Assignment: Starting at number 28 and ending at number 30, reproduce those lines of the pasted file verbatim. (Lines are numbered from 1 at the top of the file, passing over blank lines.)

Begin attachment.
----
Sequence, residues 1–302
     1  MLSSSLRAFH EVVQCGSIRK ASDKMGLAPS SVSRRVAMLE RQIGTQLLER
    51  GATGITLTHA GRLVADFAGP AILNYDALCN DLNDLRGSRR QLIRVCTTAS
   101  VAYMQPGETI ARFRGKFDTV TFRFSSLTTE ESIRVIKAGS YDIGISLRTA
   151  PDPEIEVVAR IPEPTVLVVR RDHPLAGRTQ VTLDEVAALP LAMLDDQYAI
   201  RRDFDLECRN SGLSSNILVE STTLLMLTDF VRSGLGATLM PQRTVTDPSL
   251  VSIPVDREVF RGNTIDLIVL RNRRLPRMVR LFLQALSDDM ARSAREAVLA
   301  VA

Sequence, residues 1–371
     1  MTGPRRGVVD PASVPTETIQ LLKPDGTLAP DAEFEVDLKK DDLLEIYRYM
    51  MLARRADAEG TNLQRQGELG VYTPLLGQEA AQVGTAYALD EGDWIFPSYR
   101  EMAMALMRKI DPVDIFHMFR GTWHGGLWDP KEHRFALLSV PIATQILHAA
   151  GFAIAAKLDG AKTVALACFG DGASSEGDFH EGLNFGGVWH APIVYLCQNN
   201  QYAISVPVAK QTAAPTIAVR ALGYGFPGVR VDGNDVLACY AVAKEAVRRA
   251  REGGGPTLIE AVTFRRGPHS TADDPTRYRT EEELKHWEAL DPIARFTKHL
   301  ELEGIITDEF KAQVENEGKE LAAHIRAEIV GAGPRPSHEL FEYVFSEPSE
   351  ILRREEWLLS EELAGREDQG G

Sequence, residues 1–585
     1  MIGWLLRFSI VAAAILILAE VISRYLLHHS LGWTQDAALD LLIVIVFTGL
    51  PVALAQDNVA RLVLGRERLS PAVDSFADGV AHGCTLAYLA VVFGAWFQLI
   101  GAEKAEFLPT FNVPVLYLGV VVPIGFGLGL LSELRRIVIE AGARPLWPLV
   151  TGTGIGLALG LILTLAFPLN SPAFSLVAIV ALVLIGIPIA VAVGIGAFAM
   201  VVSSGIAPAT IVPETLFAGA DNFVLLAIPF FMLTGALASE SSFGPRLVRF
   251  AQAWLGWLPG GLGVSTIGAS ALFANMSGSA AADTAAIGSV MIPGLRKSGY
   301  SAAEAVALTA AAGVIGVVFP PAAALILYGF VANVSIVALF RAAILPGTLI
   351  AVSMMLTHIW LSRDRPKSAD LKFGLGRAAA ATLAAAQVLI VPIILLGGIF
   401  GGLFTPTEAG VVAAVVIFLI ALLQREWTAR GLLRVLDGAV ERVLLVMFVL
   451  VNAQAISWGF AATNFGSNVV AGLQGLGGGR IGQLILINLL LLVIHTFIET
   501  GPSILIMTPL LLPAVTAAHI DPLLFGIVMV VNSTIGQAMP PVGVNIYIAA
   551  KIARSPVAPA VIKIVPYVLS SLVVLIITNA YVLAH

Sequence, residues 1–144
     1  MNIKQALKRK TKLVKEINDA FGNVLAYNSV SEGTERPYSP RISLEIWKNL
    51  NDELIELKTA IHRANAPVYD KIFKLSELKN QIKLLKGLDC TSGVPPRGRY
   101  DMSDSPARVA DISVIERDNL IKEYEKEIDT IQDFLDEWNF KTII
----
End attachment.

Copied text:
   451  VNAQAISWGF AATNFGSNVV AGLQGLGGGR IGQLILINLL LLVIHTFIET
   501  GPSILIMTPL LLPAVTAAHI DPLLFGIVMV VNSTIGQAMP PVGVNIYIAA
   551  KIARSPVAPA VIKIVPYVLS SLVVLIITNA YVLAH